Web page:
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Three Fundamental Construction Contract Terms

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Given how the construction industry operations, parties must craft construction contracts with clarity and use terms, language that encompasses the multiple eventualities that may occur during the course of the construction project.  There are certain terms to which a drafter should particular pay attention.  These terms dictate the direction of the construction project depending on how the term is interpreted and in whose favor it is interpreted. Terms that discusses price, timing and technical details are all important.  However, some other terms should require additional work.

Scope of Work

Scope of work terms sets out the details of the construction project.  It discusses the limits and boundaries to the work the contractor will perform.  This term is important especially for a contractor because the scope of the work can drastically change during the course of the project. Without a scope of work term to dictate what a contractor is and is not obligated to perform, the contract is rather open-ended. A scope of work term should also be specific in naming the work to be performed with a clause regarding the limits of performance. For example, if a contractor is hired to lay pipes and install the plumbing systems in a building, they should include a statement on exactly what this work encompasses.  The contractor should add a statement that excludes the kind of work that may be closely related, but are excluded as part of the contract.

Indemnification

Indemnification is a legal term that is often found in construction contracts.  It captures the legal concept that guarantees against any loss that another party might suffer.  For example, if a legal dispute arises as part of the construction contract, one party may agree to pay any claims, which may arise from the contract while the other party remains unharmed. This, in essence, is a blame shifting mechanism. Indemnification terms can be reciprocal or one-sided depending on the nuances of the contractual relationship. A classic indemnification example unfolds as follows: an unassociated third party is injured on the construction site because of an omission by the contractor.  The third party sues the owner.  With an indemnification term, the owner has the right to indemnify the contractor in the lawsuit. If the owner pays out the judgment, the owner can turn around and sue the contractor for repayment with the indemnification term as a basis.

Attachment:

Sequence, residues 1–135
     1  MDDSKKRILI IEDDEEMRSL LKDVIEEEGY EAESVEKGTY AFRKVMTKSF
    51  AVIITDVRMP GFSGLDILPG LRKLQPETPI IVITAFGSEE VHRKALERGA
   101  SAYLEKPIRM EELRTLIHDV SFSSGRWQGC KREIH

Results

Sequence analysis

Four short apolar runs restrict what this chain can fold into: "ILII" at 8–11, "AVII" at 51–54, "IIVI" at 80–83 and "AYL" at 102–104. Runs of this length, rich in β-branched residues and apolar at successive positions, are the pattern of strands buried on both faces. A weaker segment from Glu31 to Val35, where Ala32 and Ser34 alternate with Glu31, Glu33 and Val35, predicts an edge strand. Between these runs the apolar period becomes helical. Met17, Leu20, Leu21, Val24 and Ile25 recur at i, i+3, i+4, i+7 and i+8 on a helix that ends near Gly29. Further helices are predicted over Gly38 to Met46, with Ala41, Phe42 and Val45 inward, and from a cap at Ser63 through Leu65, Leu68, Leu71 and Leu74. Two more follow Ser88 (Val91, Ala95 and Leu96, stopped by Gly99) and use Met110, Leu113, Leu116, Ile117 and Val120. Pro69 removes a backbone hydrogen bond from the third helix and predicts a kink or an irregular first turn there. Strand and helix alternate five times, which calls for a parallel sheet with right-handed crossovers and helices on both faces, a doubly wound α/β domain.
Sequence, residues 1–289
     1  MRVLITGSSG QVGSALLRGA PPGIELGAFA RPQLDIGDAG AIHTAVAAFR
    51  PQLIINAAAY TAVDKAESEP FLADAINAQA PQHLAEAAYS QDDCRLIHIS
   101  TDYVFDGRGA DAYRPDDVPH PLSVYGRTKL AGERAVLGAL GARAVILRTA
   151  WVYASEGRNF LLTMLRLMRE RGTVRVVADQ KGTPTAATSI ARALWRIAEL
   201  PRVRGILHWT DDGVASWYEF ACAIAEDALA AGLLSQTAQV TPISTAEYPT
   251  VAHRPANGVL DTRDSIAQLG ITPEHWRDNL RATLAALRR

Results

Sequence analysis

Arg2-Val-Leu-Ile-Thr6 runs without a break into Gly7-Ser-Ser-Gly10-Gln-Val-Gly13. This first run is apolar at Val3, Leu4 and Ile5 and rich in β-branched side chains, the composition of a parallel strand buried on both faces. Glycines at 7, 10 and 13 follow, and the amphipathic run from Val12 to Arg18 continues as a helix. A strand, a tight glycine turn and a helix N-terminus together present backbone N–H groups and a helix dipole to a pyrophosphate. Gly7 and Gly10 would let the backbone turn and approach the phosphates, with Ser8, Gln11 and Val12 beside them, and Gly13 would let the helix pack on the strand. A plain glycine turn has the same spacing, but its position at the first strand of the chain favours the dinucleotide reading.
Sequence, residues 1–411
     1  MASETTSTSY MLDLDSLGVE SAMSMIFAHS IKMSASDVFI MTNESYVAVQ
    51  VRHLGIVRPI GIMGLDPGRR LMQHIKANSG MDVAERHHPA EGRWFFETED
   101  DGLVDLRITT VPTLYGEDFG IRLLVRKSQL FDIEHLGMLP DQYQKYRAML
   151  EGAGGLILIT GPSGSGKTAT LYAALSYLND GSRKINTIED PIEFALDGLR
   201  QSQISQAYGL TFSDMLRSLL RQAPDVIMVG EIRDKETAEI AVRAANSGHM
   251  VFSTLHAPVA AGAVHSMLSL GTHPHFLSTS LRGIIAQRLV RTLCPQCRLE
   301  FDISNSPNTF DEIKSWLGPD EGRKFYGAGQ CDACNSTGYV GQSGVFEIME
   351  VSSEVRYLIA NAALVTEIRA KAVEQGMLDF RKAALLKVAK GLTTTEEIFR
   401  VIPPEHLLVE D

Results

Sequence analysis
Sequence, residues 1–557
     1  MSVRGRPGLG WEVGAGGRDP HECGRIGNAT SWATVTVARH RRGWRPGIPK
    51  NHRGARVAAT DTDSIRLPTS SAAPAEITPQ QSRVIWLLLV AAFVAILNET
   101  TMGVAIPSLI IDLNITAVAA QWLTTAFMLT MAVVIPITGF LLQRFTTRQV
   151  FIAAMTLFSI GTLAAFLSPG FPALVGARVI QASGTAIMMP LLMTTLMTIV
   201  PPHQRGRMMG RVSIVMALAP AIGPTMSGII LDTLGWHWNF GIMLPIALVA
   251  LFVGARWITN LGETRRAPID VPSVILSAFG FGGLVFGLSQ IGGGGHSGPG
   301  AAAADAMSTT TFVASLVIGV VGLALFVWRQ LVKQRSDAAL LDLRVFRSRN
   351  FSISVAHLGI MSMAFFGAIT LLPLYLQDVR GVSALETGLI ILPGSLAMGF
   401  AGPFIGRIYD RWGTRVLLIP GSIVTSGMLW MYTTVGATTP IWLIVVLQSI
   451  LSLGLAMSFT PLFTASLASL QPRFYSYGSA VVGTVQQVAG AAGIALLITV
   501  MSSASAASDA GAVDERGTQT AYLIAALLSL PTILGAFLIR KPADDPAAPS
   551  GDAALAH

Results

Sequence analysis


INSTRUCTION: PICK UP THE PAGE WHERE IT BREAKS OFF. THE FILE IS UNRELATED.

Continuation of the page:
Change Order Process

Given the nature of construction projects, changes are inevitable.  That is when a change order comes into play.  A change order refers to any changes to the scope of work agreed to between the owner, contractor and other involved parties. Before a project commences, all parties involved must have a clear picture of what the change order process will look like.  This ensures that when a change must be made, it is made efficiently. This term should identify the communication channels, forms of communication and the individuals who have authority to approve or deny a change.

Your Florida Construction Law Attorney

Attorney Brendan A. Sweeney is an experienced construction law attorney with years of experience advising on contractual obligations for both owners and contractors.  He also has extensive knowledge of Florida’s unique construction laws.  Contact us now for a consultation.

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